Birth: February 26, 1958
Specialty: Aeronautical Engineering
Five space flights
Longest spacewalk (w/Jim Voss)
First woman to live on the ISS
Image Source: Wikimedia Commons
On January 13, 1993, NASA mission STS-54 launched from Kennedy Space Center. Aboard that flight was astronaut Susan Helms.
Before joining NASA Susan Helms was an accomplished Flight Test Engineer and project officer in the United States Air Force, flying over 30 different types of military aircraft. A 1980 graduate of the Air Force Academy with a degree in aeronautical engineering she continued her education at Stanford University earning a master’s degree in aeronautics/astronautics in 1985. She was selected to join NASA in 1990 and became an astronaut in 1991 on her first mission – an almost six day flight aboard the Endeavor.
In September 1994 Helms logged her second space flight, this time aboard the shuttle Discovery where she served as flight engineer for orbiter operations and the primary Remote Manipulator. This flight was followed with a sixteen day mission aboard the shuttle Columbia in 1996.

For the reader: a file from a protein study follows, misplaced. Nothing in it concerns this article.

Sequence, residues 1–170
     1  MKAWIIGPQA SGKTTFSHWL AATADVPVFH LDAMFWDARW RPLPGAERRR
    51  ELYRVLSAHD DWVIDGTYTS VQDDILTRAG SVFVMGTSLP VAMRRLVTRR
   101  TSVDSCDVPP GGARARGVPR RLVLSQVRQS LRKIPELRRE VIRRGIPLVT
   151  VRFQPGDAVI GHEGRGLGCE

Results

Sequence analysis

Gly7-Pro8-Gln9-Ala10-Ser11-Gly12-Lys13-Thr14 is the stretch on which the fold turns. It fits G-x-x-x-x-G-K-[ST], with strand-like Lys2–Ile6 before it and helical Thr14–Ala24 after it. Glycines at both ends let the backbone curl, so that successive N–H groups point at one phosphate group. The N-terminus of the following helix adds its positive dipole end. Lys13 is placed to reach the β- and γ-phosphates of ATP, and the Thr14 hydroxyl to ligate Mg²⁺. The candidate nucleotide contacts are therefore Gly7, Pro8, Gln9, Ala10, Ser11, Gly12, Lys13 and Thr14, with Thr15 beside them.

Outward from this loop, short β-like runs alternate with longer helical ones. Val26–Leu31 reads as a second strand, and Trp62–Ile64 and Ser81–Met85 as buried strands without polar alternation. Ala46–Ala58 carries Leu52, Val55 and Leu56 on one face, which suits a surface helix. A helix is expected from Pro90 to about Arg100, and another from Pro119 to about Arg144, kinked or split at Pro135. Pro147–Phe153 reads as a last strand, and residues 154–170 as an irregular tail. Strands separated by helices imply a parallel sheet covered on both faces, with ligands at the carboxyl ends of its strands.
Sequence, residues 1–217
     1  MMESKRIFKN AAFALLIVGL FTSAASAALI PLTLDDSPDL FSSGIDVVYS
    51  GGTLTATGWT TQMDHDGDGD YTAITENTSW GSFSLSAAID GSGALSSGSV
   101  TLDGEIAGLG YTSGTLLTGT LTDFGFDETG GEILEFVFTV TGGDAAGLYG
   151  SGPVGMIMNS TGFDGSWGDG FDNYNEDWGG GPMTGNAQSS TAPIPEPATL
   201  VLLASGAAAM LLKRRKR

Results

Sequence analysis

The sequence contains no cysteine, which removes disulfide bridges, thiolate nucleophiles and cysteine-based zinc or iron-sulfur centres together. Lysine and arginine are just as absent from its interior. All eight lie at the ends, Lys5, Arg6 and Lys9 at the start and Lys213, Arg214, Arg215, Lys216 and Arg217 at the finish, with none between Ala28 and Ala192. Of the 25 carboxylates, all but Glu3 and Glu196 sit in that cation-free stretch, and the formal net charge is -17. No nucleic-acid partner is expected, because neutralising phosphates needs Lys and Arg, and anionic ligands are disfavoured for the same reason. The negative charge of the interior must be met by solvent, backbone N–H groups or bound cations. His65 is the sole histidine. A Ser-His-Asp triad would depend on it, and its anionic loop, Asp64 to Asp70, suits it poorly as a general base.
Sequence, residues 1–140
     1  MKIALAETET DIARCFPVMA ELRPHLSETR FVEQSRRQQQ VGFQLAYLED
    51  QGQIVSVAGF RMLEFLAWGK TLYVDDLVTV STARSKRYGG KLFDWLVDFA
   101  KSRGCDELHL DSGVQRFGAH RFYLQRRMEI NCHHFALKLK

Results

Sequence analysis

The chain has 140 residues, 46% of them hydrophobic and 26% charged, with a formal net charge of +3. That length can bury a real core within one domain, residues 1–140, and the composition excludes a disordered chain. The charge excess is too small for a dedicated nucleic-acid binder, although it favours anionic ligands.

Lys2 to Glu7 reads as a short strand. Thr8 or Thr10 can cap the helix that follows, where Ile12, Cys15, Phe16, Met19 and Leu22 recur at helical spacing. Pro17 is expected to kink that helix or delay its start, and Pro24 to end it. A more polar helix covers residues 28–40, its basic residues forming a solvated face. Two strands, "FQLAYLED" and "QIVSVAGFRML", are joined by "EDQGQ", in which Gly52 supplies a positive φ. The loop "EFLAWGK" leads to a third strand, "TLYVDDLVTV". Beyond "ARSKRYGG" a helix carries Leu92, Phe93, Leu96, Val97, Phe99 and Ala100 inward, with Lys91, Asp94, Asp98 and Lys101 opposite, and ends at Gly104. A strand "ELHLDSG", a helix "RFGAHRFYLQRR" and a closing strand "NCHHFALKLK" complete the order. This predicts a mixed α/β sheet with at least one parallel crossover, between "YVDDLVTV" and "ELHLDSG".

May 2000 was her fourth flight into space where she performed critical repairs to help extend the life of the Functional Cargo Block on the International Space Station and was responsible for the onboard computer network and served as the mission specialist for rendezvous with the ISS.
For her final flight into space Helms was a member of Expedition 2 that comprised the second crew aboard the International Space Station Alpha, arriving by the shuttle Discovery in March 2001. It was during her stay on the ISS that she logged the longest “spacewalk” in history of eight hours and fifty six minutes in order to perform work on the external body of one of the modules. Helms was aboard the ISS for a total of 163 days, and logged a total of 5,064 hours in space.
Helms spent 12 years with NASA and in 2002 returned to duty with the U.S. Air Force until 2014 when she retired after achieving the rank of lieutenant general. Since her retirement she has served as a member of the NASA Aerospace Safety Advisory Panel, was a member of the Board of Trustees of the Woodrow Wilson International Center for Scholars and established her own consulting company, Orbital Visions, LLC. In recognition of her lifetime accomplishments Helms has received numerous medals and was inducted into the U.S. Astronaut Hall of Fame in 2011 and the Colorado Women’s Hall of Fame in 2018.
Written by Angela Goad